The police must feel they can go where they need....and question everyone to get to the bottom of this.
Cameron concludes his speeach
Michael Crick from Newsnight asks if Cameron hauled Coulson into his office when the Guardian first broke the phone hacking story in 2009.
I did have conversations with him throughout but it didn't lead me to change my perception that he did not know about phone hacking, says Cameron
Cameron is asked whether he has been in contact with Coulson and if he is friends with him.
"He became a friend and is a friend". The prime minister says he has has been in contact with Coulson but "not in recent weeks".
The Guardian's political editor, Patrick Wintour, asks if the PM is saying he had no warning that Coulson had links with a private detective accused of murder (The Telegraph's Peter Oborne and Guardian editor Alan Rusbridger both said he was warned).
I wasn't given any specific information about Andy Coulson ...I don't recall being given any information.
The PM says he is checking and will check whether any of his staff were warned.
Times reporter Roland Watson asks Cameron what specific questions he asked of Coulson.
The prime minister rejects the opportunity to go into detail.
The prime minister said he sought "specific" and "general" assurances. (The PM said earlier he carried out background checks).
Coulson told him he didn't know the hacking had taken place. Cameron says there is still a police investigation ongoing, adding:
"I certainly don't know who at News International knew what about what."
Adam Boulton, from Sky News, asks Cameron whether closing the NoW was the right decision, about his relationship with the press, and whether BSkyB executives pass the fit and proper persons test.
Cameron says it is not for him to say whether the paper should have been closed.
It is natural for the PM to speak to the press and cultivate relationships, says Cameron, but there was a "fundamental failure" to tackle media regulation.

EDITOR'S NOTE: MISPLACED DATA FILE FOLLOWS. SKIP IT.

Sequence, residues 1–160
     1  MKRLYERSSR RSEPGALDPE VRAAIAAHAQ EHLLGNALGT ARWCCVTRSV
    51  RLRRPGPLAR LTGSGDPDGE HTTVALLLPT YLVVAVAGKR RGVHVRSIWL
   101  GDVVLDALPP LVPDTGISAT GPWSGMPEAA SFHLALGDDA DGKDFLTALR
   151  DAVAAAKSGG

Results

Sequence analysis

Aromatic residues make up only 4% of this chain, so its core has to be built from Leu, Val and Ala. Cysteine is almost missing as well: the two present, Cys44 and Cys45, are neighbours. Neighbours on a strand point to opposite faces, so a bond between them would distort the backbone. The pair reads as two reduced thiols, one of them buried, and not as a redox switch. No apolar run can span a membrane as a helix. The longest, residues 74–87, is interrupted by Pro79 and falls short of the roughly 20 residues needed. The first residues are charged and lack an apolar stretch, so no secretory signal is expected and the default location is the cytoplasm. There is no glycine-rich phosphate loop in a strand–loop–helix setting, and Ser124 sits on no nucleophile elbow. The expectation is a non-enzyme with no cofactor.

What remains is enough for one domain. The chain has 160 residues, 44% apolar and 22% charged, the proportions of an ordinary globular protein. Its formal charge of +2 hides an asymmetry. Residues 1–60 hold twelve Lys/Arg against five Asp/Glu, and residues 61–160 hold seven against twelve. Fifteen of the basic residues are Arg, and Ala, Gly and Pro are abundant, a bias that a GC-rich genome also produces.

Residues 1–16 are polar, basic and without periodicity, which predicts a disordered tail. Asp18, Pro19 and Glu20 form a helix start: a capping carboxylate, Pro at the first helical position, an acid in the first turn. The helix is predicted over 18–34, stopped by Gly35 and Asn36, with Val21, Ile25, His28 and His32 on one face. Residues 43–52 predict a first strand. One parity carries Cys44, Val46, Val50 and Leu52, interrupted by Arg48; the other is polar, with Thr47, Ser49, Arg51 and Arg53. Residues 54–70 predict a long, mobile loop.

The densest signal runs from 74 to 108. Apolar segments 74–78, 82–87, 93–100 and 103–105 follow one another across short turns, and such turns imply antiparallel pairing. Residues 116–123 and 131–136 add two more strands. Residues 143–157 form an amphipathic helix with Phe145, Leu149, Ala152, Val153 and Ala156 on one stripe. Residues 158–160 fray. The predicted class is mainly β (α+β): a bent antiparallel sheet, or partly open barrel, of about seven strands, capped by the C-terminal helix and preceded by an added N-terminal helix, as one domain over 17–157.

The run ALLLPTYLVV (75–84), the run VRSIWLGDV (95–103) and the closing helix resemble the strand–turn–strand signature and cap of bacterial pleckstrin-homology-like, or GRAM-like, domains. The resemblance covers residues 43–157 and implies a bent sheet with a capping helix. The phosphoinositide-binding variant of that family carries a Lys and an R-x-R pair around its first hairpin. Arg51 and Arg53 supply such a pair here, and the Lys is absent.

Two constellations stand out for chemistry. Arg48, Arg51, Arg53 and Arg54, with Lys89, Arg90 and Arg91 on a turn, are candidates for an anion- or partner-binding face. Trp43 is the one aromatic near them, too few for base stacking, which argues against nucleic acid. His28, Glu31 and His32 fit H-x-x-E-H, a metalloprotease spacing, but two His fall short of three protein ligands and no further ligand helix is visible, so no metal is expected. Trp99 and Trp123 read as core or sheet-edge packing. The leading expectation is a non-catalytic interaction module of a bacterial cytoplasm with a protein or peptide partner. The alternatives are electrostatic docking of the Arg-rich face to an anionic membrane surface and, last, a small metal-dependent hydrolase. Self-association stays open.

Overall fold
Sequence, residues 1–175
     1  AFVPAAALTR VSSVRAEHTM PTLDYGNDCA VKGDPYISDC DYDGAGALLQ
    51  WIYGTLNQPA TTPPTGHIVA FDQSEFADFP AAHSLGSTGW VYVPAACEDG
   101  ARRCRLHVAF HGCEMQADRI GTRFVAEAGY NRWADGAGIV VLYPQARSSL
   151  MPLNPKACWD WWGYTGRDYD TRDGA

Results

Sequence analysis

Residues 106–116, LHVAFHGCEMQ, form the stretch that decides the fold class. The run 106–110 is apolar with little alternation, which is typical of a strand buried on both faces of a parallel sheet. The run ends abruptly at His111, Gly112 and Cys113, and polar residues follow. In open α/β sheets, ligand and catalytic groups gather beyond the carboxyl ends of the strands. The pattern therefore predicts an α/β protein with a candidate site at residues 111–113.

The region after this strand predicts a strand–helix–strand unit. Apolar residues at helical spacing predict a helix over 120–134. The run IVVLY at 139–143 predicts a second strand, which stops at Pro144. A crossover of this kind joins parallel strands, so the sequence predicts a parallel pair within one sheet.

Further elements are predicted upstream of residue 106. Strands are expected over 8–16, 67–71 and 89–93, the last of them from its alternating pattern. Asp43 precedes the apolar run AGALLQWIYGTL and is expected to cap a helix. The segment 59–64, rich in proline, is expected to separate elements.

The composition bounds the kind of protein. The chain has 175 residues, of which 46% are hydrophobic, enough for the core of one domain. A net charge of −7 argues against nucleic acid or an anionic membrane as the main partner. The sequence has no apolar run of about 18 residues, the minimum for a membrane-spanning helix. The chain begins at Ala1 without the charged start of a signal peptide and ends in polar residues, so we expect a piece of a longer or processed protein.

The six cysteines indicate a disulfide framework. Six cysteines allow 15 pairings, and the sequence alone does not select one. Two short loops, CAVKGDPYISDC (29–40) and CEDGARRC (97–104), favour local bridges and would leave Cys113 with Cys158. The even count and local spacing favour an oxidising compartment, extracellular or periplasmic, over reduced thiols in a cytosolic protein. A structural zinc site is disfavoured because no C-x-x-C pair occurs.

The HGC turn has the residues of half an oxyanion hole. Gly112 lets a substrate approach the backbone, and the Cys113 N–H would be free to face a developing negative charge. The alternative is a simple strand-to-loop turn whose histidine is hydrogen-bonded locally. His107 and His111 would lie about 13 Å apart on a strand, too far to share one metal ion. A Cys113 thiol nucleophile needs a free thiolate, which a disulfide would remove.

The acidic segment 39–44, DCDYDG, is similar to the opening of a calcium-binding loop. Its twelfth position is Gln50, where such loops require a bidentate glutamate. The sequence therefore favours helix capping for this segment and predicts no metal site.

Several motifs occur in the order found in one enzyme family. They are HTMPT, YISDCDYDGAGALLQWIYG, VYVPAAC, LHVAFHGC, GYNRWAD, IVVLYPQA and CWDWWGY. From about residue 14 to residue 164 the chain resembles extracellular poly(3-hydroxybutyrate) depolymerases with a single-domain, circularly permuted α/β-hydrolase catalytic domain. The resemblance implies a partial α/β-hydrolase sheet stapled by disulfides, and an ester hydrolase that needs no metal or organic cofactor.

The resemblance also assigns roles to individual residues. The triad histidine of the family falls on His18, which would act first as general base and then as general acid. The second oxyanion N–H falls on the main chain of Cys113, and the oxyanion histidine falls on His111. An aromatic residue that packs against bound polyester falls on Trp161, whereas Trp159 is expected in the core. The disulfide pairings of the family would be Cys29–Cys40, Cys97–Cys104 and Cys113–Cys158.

"It is not appropriate for the prime minister to say 'I'd quite like that person to own a newspaper but not that person'," says Cameron on the fit and proper person test. There are organisations qualified and equipped to make those decisions.
Nick Robinson, from BBC News, says the PM's judgement is at issue. Why did you believe a man who had resigned from the NoW over phone hacking?
Cameron said no-one gave him "specific information" about Coulson. This is a reference to the comments of the Telegraph's Peter Oborne and Guardian editor Alan Rusbridger who said Cameron was warned about Coulson's links to a private detective accused of murder.
The PM takes a swipe at Alistair Campbell referring to "dodgy dossiers" by past directors of communications.
Questions now. Chris Ship from ITV News asks the prime minister to apologise for the appointment of Coulson.
No apology is forthcoming.
"The second chance didn't work," says Cameron. It's not meaningful to go over it. People will judge whether they think it's right to give someone a second chance.
The key thing is it's right to judge an individual by the work they did for me.
"Politicians and press have spent time courting" rather than confronting the issues, says Cameron.
It is on my watch that the music has stopped, says the prime minister.
Cameron says he decided to give Coulson a second chance.
The decision to hire him was mine and mine alone and I take full responsibility for it.
He says it has been reported that Rebekah Brooks offered her resignation over this "and I would have taken it".
"The Press Complaints Commission has failed...it lacks public confidence," says Cameron.
The replacement body should be independent of the press and politicians so it is free to hold politicians to account.
The future of press regulation would be better approached on a cross-party basis.
It is no good pointing the finger at this individual journalist or that individual newspaper.
Politicians "including me" have not adequately "gripped" this matter, says Cameron. He refers to the last government's failure to act but says the opposition, then the Conservatives, did not do enough either.
Party leaders were so keen to win the support of papers we turned a blind eye to the need to sort this.
Firstly, we need action to get to the bottom of what has happened, says Cameron. The original police investigation was "inadequate". The police are now being investigated with "full independent insight".
But people want to know how this happened. A judge needs to be in charge of an independent inquiry to find out:
1. why the original police investigation failed.
2. what was going on at the NoW